You are hereHuffington Post: Obama Administration Holding Terrorism Summit With Police Chiefs

Huffington Post: Obama Administration Holding Terrorism Summit With Police Chiefs

-By Eileen Sullivan

January 18, 2012- WASHINGTON — State and local law enforcement officials convened at the White House on Wednesday for a daylong discussion about how police can maintain the trust of their communities while identifying and preventing violent extremism and homegrown terrorism – an effort the administration considers critical to national security.

It's a delicate balance, as the violent extremism that has erupted across the U.S. in the past few years has been motivated by an ideology, whether a violent interpretation of Islam or white supremacist beliefs. Ideologies in and of themselves are not illegal. But police now find themselves struggling with identifying the ideologues who plan to commit violence among the many others who hold similar beliefs but have no intention of hurting anyone.

"Where do you draw the line between what they say and what they do," Cambridge, Mass., Police Commissioner Robert Haas said in an interview during a break. Police can't be seen as violating the trust they've built in local communities to ferret out information that potentially could prevent an attack, he said. Haas was one of the 46 senior federal, state and local law enforcement officials who participated in the event that was closed to the public.

The conference marked the first time the Obama administration hosted a meeting with so many of the nation's top law enforcement executives on how to counter violent extremism.

"The important role of local law enforcement is a key part of the administration's approach to countering violent extremism in the homeland," President Barack Obama's counterterrorism adviser, John Brennan, said. "Law enforcement officials work with communities every day and understand how to build partnerships to address this tough challenge."

There has been an uptick in attempted attacks by Americans and other legal U.S. residents in the past few years, prompting the Obama administration to place a priority on finding ways to stop this type of violence. The administration rolled out a thin strategy last year that put local communities – not Washington – in charge of countering violent extremism in the U.S.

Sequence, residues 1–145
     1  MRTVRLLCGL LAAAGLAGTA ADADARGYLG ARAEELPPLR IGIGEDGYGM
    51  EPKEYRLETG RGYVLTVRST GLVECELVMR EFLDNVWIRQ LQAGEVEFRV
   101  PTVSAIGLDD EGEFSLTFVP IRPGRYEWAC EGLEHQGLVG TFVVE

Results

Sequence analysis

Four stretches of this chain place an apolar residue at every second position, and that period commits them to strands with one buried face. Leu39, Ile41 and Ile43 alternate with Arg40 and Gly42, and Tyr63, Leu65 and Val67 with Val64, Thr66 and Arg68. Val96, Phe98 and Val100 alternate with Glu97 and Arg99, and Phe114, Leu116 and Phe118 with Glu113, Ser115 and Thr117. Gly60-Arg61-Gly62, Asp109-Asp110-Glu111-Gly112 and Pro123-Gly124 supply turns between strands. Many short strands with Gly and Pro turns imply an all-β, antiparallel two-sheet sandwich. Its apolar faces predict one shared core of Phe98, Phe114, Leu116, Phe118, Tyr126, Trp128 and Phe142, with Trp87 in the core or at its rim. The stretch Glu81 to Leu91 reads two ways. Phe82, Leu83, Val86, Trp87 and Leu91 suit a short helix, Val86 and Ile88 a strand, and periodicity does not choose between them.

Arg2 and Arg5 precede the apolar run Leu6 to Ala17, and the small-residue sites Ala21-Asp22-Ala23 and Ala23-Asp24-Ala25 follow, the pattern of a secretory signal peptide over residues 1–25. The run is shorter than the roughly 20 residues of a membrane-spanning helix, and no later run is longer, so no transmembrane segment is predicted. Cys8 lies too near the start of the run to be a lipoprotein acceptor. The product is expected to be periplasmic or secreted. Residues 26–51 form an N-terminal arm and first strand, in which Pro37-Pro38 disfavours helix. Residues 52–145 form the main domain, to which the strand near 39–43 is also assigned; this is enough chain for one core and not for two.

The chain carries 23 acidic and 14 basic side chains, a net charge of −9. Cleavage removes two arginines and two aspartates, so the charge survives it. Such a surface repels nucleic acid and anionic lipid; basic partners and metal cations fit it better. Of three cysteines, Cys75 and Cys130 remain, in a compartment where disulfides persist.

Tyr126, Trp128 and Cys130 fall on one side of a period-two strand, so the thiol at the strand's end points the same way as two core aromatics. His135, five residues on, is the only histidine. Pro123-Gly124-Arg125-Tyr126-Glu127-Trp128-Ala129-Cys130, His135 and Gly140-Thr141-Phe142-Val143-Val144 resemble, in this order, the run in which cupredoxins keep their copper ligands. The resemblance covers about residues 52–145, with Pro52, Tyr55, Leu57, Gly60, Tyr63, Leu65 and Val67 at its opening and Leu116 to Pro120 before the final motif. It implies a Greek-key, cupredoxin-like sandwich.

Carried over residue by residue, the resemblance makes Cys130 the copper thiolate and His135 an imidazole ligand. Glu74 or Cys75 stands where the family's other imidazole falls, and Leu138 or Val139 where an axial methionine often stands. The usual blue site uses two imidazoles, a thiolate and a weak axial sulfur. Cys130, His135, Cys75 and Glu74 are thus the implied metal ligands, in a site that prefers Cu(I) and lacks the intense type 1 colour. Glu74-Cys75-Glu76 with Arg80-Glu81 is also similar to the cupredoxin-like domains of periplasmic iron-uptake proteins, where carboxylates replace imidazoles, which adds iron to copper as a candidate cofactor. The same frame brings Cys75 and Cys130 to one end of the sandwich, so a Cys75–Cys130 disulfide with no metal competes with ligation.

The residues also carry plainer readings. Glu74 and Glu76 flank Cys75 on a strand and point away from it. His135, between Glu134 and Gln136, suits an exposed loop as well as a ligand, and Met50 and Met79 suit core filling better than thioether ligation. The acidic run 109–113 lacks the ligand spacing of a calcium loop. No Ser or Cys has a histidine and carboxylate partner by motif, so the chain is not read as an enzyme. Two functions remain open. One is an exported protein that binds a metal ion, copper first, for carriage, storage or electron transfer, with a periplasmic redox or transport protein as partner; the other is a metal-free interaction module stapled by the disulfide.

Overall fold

Analysts from the FBI, Homeland Security Department and National Counterterrorism Center studied 62 cases of homegrown violent extremists and identified basic similarities that might help local law enforcement better understand and detect threats. The warning signs identified for police include someone joining a group advocating violence, receiving support from a network that plans attacks or seeking out charismatic leaders who encourage violence. An overview of the findings was shared with the AP.

In the 62 cases reviewed, the subjects increasingly spoke out against the government, blamed the government for perceived problems and did so in a way that caught the attention of other people in their communities, according to the senior counterterrorism official who spoke on condition of anonymity to discuss the private White House event. Subjects became active on the Internet to espouse extremist views. And in some cases, the subjects purchased weapons, ammunition or explosive materials.

Analysts also found that a person's origin, ethnic background and socioeconomic status are not good indicators for potential violent extremist activity, the senior counterterrorism official said.



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